Goldman Prize winners have been busy reaching out to wider audiences with their inspiring stories and insights. Over the last several months, three new books have been published featuring or authored by Prize winners. Here is brief look at each:
A recent blog entry by the Huffington Post, entitled “Texans Say No to the Keystone XL Tar Sands Pipeline,” features Hilton Kelley and Port Arthur, Texas. Home to some of the largest oil refineries in the world, Port Arthur is set to receive nearly 800,000 barrels of tar sands crude oil daily from the Keystone Pipeline, once it is operable.
In the absence of a country-wide water delivery system, many El Salvadorian communities rely solely on natural bodies of water for their health and livelihood. Yet, nearly 90% of El Salvador’s waterways are contaminated with pollution. A significant amount of that contamination comes from waste dumping by silver and gold mines.
Lani Alo, a program staff member at the Goldman Prize, is reporting from the Alternative Water Forum in Marseille, France. The forum, set up as an alternative to the World Water Forum (also taking place in in Marseille), focuses on developing sustainable solutions to the global water crisis.
Marking the one year anniversary of Japan’s Fukashima disaster, environmental leaders from around the world are signing on to an open letter issued by Greenpeace, calling for an end to nuclear power. Among the signatories are Goldman Prize winners Robert Brown and Marina Silva.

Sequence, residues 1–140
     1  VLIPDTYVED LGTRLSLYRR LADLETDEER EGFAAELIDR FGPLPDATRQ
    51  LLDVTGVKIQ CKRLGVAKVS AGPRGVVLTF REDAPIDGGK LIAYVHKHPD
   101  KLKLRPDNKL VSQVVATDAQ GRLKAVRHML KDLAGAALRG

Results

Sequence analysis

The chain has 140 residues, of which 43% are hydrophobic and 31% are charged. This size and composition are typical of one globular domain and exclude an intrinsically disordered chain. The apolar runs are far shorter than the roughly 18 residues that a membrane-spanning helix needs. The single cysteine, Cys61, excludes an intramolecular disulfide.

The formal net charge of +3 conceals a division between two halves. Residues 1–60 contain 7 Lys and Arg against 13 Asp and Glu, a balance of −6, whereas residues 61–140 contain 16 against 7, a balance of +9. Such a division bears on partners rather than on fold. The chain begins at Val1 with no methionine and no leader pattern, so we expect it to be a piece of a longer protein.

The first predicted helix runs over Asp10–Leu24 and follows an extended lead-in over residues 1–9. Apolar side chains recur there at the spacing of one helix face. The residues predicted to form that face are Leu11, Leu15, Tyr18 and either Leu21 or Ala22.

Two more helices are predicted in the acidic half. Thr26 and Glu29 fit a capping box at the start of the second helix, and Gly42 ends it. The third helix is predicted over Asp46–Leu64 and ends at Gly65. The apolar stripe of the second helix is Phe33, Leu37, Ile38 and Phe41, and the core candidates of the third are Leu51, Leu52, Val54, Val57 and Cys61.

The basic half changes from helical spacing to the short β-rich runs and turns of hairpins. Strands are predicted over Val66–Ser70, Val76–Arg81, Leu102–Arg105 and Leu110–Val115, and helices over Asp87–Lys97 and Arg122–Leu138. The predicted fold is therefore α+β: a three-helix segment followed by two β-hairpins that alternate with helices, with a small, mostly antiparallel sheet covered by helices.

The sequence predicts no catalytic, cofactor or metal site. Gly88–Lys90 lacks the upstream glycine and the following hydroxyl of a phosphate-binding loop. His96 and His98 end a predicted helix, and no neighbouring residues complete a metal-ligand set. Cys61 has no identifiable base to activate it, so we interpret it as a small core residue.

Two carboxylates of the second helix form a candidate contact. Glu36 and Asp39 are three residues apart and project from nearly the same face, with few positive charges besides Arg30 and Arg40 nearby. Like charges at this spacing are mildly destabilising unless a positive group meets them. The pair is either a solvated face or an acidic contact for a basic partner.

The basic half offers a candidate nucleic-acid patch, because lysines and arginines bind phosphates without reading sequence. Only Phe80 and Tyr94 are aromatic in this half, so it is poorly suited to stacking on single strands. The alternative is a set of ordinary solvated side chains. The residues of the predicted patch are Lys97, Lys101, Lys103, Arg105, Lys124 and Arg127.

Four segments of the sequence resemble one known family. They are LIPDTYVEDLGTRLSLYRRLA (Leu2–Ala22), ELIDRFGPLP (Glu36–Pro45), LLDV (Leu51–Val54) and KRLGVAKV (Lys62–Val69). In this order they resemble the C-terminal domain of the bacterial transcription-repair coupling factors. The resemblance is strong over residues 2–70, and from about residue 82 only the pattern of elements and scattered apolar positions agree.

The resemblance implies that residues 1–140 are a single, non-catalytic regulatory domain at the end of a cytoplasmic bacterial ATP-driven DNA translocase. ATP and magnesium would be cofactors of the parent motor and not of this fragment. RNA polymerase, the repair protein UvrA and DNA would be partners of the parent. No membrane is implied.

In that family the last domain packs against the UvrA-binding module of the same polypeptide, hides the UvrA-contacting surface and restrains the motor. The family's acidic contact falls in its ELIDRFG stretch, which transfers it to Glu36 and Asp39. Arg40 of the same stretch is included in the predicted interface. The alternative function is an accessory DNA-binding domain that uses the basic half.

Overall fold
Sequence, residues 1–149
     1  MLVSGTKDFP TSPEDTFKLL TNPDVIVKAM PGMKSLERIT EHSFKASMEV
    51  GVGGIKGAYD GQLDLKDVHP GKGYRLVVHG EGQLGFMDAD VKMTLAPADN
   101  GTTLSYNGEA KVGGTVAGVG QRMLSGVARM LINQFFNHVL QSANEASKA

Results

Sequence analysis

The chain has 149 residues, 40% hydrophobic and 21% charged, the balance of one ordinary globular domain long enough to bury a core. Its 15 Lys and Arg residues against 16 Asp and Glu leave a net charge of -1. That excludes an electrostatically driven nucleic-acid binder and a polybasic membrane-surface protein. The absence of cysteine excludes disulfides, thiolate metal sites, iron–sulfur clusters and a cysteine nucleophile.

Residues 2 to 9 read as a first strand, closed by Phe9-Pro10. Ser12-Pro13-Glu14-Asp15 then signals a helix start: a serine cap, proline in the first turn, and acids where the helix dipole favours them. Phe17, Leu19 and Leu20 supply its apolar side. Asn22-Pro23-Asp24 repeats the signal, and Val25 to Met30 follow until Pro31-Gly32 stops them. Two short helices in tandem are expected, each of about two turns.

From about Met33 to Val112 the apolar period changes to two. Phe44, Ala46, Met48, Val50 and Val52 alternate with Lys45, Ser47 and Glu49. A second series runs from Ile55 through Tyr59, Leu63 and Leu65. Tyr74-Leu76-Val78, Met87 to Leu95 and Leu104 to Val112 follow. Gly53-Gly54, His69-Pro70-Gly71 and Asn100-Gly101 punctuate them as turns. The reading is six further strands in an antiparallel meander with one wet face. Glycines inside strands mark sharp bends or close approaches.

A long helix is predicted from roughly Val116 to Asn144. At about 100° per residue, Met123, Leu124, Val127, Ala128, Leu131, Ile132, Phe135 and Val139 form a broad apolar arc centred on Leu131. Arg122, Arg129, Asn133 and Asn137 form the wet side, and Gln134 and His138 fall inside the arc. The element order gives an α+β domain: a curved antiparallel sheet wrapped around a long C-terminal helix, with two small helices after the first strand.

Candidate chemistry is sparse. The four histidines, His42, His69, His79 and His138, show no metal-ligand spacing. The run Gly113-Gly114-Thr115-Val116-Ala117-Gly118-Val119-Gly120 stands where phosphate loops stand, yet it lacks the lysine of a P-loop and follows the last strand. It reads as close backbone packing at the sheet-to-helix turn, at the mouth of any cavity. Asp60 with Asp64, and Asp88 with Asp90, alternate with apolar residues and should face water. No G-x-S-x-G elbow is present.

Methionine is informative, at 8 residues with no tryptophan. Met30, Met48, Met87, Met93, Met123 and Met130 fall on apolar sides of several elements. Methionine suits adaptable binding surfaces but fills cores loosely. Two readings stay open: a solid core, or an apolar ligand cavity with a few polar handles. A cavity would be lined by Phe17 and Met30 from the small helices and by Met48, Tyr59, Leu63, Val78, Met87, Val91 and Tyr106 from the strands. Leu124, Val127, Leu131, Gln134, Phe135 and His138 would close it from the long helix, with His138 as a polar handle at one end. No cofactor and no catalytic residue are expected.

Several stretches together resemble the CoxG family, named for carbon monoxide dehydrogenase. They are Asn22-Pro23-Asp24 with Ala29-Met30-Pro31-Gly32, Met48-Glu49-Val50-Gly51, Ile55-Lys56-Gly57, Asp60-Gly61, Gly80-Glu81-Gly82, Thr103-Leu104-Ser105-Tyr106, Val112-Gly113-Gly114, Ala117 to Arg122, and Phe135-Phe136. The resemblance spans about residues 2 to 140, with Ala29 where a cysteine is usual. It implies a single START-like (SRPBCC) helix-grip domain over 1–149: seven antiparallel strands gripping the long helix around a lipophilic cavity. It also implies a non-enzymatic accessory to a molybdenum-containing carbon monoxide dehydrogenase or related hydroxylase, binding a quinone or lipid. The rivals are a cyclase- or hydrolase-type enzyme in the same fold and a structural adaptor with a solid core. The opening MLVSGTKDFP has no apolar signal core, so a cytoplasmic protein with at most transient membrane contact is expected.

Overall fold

Randall Arauz and the team at the Association for the Restoration of Sea Turtles (PRETOMA), celebrate as Costa Rica is asked to respond to a complaint filed with the Environmental Secretariat of the Central American Free Trade Agreement (CAFTA).
The film “American Meat,” by Michigan native Graham Meriwether, makes its debut this weekend in Ann Arbor, where the sustainable food movement is gaining traction. Lynn Henning, a fellow Michiganite and 2010 Prize winner, will be participating in a panel discussion immediately following the screening to discuss issues raised in the film.
Before Stephanie Roth won the Goldman Prize in 2005 for protecting an ancient Romanian village from being destroyed by a massive silver and gold mining project; she worked as a researcher and editor for The Ecologist magazine.